So, I would like to see little footballers and other games players, busily at work in every spare corner of Singapore. It would be a fitter nation for it. There would most likely be fewer servicemen deaths - and there might even be a few international sporting stars to be proud of, as a result.

(If you would like to learn more of Ainan Celeste Cawley, a scientific child prodigy, aged eight years and five months, or his gifted brothers, Fintan, four years and ten months, and Tiarnan, twenty-seven months, please go to: I also write of gifted education, IQ, intelligence, the Irish, the Malays, Singapore, College, University, Chemistry, Science, genetics, left-handedness, precocity, child prodigy, child genius, baby genius, adult genius, savant, wunderkind, wonderkind, genio, гений ребенок prodigy, genie, μεγαλοφυία θαύμα παιδιών, bambino, kind)

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posted by Valentine Cawley @ 7:39 PM 


Anonymous Anonymous said...

Why is Singapore the strangest country you have visited?

9:51 AM  
Blogger Valentine Cawley said...

It is the strangest place because it has a lot of really quite mad rules against ordinary human behaviours. Here, things which are acceptable and accepted in almost all countries can quite arbitrarily be banned - like playing football in open spaces. It is probably a function of the fact that one group of people have been in power for the entire history of the country and have no checks and balances against their every whim. The result is really odd. The oddness is something one comes to understand only after a while: it takes time to come to know what is permissible and what is not. What one never comes to understand, however, is just WHY things are the way they are. From a Western perspective a lot of it doesn't make sense - or might be viewed as just plain wrong.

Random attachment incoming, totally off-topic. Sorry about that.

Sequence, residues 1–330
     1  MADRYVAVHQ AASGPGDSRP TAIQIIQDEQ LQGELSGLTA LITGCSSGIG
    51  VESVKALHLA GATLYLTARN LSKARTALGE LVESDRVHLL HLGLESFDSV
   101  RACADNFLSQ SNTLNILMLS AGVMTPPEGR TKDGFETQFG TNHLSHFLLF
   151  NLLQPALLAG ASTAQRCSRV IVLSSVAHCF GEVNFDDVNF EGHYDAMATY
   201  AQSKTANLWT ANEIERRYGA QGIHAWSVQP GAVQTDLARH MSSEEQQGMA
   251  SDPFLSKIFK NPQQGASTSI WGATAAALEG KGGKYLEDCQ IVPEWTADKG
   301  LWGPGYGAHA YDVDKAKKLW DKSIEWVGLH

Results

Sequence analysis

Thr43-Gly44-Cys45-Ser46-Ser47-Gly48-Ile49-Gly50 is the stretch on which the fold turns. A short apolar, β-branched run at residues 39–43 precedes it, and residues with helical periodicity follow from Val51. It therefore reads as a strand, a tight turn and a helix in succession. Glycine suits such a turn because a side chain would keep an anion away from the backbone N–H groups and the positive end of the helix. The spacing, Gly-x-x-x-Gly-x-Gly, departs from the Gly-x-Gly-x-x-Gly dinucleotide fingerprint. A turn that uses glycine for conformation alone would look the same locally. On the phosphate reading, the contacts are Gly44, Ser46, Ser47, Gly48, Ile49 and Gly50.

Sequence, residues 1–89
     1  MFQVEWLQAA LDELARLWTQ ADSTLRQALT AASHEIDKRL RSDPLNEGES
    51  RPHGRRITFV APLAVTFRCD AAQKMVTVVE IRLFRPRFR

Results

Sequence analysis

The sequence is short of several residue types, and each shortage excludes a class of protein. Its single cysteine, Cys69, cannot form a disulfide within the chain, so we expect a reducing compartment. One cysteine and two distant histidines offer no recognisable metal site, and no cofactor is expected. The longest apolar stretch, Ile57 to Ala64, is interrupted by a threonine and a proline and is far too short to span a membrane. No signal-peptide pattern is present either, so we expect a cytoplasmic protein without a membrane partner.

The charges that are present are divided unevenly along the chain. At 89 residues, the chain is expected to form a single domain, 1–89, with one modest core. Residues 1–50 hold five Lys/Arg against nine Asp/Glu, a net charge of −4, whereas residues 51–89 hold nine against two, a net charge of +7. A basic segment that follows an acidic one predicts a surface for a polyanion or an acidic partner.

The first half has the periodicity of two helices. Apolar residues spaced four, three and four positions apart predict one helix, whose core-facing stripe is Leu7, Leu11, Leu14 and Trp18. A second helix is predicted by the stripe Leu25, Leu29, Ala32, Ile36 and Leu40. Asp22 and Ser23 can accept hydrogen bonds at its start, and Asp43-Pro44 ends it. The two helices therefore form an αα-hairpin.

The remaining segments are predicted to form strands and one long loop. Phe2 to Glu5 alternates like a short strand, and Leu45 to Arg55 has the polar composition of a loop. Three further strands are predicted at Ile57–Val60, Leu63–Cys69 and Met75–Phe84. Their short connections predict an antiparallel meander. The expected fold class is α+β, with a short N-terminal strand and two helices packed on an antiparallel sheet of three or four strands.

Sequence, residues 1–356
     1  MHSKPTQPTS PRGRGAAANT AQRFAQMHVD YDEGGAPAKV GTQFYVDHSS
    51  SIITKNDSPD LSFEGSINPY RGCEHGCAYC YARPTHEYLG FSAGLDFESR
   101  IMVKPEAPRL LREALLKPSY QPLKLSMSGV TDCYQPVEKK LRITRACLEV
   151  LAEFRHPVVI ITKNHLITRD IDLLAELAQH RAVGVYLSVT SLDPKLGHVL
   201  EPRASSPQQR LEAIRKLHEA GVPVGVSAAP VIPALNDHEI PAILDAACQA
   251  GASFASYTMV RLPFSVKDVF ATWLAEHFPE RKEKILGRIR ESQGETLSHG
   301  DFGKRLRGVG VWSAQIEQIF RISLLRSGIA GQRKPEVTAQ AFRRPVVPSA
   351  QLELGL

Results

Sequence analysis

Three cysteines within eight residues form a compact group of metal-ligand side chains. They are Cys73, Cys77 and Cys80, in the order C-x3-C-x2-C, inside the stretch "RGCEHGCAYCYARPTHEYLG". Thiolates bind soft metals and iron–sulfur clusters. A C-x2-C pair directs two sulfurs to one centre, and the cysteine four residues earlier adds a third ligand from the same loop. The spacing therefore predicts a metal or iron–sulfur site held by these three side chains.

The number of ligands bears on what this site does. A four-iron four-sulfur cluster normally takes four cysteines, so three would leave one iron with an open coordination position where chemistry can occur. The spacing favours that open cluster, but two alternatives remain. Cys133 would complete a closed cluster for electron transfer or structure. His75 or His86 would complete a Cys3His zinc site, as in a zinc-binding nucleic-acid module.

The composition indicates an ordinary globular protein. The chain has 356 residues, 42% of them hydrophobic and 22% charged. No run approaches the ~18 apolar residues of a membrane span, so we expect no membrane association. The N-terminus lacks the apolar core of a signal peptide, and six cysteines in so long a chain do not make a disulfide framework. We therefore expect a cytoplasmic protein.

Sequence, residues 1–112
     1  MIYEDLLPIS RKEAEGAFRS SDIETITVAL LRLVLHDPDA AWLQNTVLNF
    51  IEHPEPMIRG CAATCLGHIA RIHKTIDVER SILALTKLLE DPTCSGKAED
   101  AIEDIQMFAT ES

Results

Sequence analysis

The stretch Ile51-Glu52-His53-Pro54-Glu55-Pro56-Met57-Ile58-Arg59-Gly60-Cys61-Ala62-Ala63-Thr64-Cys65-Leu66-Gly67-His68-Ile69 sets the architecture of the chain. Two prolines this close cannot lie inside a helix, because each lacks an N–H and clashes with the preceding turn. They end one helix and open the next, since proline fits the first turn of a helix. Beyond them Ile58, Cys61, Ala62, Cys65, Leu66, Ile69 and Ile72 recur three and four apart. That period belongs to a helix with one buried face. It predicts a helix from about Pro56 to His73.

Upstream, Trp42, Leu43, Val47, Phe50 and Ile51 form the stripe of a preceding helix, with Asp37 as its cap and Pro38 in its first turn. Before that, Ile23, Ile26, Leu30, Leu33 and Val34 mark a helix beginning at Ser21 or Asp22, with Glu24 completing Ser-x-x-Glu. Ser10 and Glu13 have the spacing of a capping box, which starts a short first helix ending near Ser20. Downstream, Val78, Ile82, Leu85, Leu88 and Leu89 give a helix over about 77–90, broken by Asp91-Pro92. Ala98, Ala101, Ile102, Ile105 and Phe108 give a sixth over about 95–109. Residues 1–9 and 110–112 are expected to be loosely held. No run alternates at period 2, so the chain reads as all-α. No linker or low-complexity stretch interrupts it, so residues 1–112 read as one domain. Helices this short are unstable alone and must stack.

Best wishes.

11:11 AM  
Anonymous Anonymous said...

I'm glad you've hit the culture shock bump. Too many westerners are quick to extol the 'free market' and 'democratic' society of Singapore and are totally ignorant of its quasi dictatorial government.

There is an air of resignation among ordinary people to simply accept it and move along. What is not explicitly banned in western countries is generally allowed, the reverse seems to be truer in totalitarian Singapore - nothing is legal unless explicitly allowed.

1:03 AM  
Blogger Valentine Cawley said...

I am not sure that a country that behaves in this way can have a long-term future. You see, eventually people become sick of having their basic freedoms constrained and no longer co-operate, in some way: the result is that things begin to fail to work - or people just leave at such a rate that the country is no longer viable. I don't think Singapore is very far from that already - from what I hear, on the ground, the true emigration rates are extremely high.

It is all very strange to observe from the sidelines. To me, it looks a lot like the long-term effect of what is being done hasn't been considered or understood. In the long-term, this path leads to a dead-end.

Best wishes

11:44 AM